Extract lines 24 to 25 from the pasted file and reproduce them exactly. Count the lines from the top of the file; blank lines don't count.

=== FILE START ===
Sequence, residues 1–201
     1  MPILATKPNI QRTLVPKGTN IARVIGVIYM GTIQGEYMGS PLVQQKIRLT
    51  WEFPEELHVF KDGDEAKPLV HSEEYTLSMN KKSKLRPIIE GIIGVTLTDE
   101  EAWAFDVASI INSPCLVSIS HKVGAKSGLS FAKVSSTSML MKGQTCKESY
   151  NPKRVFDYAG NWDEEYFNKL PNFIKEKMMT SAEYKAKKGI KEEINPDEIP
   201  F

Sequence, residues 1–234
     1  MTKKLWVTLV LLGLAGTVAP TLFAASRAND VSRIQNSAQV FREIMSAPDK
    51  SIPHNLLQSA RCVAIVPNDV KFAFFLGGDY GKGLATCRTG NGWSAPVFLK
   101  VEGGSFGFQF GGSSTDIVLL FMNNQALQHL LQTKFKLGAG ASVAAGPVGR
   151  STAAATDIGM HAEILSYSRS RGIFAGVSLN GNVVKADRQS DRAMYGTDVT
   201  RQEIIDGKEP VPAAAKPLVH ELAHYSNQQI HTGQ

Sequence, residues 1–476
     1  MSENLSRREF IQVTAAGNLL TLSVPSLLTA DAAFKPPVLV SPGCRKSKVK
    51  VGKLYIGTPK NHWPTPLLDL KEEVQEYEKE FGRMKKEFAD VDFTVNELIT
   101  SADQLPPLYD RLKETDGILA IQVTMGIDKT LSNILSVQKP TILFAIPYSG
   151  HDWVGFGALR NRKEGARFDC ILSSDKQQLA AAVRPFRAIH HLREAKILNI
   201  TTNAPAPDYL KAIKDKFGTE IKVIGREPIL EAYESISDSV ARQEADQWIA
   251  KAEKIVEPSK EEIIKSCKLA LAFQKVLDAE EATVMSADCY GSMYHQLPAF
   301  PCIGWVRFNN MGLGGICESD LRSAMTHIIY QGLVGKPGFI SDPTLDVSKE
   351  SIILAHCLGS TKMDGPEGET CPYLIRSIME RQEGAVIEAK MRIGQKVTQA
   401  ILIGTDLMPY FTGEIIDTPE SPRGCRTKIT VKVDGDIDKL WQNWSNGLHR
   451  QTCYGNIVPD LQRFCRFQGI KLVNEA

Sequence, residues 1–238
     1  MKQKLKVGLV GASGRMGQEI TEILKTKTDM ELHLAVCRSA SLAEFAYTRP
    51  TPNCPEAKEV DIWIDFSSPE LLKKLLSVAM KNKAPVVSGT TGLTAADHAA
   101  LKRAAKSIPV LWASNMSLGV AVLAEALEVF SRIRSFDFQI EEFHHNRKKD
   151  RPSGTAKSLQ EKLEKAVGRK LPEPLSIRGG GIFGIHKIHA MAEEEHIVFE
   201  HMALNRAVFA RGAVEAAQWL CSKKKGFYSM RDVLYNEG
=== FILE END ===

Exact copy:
Sequence, residues 1–238
     1  MKQKLKVGLV GASGRMGQEI TEILKTKTDM ELHLAVCRSA SLAEFAYTRP